Friday, April 2, 2010

Game Description: Hanoi Stick-up

I have to get a set of Towers of Hanoi now!

Some of my CS professors had wooden Towers of Hanoi in their offices. These are used to demonstrate a cool process (usually described recursively) to move a stack of different-sized discs from one place to another. The stack starts off with the largest disc on the bottom, with successively smaller discs all the way up. At each step of the moving process, no discs are allowed to be placed on discs smaller than themselves. While moving the stack from one location to the next, you are only allowed to use one other place to stack, besides the start and ending places.

No matter how high the stack of discs begins, you are always able to move the discs, one at a time, to shift the stack at the destination.

Cool problems like this are often the best inspiration for new combinatorial games, and the Towers of Hanoi are no different! The result is the game Hanoi Stick-up. (Does anyone know who created this game?)

In this game, all discs start off on their own separate stack. A move consists of moving one stack on top of another; the whole thing, not just one disc. The bottom disc on the stack being moved must still be placed on top of a larger disc. Under normal play, you lose the game if you cannot move a stack on top of another.

Hanoi Stick-up is an impartial game, since both players can move whichever discs they like. This is a game with very simple rules, but it misses one of the main concepts of the Towers by allowing players to move more than one disc in a turn. However, trying to enforce doesn't lead to an interesting game; both players will just move the same disc back and forth without going anywhere. If you're going to lose the game, you can instead just undo the last move. In Hanoi Stick-up, you have to combine two stacks together each turn. Perhaps a partisan game with a coloring of the discs could lead to something more "traditional".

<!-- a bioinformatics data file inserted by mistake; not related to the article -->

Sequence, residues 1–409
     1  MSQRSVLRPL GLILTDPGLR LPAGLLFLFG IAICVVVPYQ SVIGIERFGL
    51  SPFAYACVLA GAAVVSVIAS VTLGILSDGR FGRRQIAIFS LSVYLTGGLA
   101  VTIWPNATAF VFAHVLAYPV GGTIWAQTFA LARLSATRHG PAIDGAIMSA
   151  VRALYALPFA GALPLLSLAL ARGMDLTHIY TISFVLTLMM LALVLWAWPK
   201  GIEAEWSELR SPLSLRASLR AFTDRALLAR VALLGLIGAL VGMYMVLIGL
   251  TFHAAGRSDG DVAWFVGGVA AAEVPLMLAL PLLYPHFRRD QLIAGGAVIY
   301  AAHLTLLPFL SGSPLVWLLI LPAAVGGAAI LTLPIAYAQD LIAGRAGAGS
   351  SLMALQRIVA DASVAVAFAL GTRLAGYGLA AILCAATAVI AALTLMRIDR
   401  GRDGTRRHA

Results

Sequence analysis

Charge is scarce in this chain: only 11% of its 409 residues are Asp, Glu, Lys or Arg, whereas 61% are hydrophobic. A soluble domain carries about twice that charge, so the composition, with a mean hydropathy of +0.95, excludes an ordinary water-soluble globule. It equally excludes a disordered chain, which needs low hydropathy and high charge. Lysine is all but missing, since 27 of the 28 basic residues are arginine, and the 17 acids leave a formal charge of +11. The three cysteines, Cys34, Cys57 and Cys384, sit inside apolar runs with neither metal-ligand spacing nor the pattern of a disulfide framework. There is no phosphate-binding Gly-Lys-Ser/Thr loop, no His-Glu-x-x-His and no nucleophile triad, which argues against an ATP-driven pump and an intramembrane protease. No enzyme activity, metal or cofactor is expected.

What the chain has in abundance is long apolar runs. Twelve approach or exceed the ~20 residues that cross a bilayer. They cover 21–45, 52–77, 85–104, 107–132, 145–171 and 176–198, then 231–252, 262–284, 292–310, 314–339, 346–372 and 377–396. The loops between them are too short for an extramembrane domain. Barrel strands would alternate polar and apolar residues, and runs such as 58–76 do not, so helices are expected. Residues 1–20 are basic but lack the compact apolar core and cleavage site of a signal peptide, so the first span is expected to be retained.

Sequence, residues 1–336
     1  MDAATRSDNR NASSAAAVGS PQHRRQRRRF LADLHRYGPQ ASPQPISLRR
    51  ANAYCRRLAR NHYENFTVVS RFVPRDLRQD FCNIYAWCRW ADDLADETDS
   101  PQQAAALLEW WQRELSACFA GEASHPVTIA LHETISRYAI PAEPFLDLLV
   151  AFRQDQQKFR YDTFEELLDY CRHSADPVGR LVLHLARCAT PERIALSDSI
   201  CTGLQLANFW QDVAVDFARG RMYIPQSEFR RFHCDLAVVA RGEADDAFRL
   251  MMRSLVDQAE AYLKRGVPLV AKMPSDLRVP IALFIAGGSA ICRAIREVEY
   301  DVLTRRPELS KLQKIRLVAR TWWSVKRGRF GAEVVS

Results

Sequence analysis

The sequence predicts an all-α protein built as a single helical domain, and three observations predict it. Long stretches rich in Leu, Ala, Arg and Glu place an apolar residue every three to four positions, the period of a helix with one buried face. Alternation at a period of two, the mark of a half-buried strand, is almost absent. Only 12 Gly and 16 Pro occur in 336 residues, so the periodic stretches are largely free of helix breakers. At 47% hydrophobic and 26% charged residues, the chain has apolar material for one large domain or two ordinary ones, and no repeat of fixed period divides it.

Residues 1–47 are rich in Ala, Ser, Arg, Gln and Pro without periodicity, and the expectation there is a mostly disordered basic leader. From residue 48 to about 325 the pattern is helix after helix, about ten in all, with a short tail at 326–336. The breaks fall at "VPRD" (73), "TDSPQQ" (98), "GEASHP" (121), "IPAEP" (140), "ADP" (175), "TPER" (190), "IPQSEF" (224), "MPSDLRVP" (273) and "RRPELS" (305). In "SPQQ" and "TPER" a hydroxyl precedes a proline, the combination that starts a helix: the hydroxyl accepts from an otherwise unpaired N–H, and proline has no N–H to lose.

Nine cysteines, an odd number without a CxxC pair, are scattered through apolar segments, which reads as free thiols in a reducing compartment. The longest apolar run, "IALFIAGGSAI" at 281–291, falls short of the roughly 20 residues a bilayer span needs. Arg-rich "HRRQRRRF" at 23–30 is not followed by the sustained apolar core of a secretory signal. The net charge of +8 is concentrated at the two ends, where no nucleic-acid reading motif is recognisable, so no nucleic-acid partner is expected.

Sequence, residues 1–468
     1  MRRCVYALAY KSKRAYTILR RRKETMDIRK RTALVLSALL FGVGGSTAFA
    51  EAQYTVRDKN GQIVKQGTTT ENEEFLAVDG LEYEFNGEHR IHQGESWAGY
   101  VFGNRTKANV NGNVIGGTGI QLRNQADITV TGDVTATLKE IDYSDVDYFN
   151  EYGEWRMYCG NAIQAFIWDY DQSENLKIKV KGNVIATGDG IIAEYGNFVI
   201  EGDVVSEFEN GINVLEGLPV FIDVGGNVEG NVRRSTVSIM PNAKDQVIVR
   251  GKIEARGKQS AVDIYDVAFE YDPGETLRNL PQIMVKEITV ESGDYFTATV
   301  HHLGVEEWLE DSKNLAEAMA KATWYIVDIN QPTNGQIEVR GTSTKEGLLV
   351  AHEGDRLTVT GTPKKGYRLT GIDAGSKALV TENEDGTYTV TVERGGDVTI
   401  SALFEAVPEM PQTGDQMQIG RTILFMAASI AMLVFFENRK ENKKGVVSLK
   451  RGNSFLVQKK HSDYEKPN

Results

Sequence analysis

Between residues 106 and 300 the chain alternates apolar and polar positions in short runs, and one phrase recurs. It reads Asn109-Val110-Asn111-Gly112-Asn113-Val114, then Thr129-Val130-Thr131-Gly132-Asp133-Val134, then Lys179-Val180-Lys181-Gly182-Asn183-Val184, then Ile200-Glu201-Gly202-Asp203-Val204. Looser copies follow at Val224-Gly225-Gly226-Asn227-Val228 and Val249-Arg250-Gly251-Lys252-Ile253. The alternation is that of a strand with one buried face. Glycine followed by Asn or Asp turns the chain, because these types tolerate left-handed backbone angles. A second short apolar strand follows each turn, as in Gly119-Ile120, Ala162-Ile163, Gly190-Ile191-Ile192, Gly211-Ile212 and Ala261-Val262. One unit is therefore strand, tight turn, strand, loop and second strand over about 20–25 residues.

On a less relevant, but cool note, Andy posted about WittCon from this past weekend! Bonus!


  1. My recollection is that this game (and many variants) was "in the air" at the first combinatorial game meeting at BIRS. Certainly JHC was very interested in it, and a student of RGs, whose name unfortunately escapes me, was also.

    I subsequently looked at a different game -- played with the traditional Hanoi configuration, where each player is to make a single allowed move subject to never repeating a position, nor making it impossible to reach the goal. Game ends when the goal position is achieved. This analyses (in terms of who wins) quite nicely and recursively as you'd expect, and I actually gave a talk about it at a conference in Brisbane. If I can dig out the slides (several computers ago ...) I'll send you a set.

  2. See also: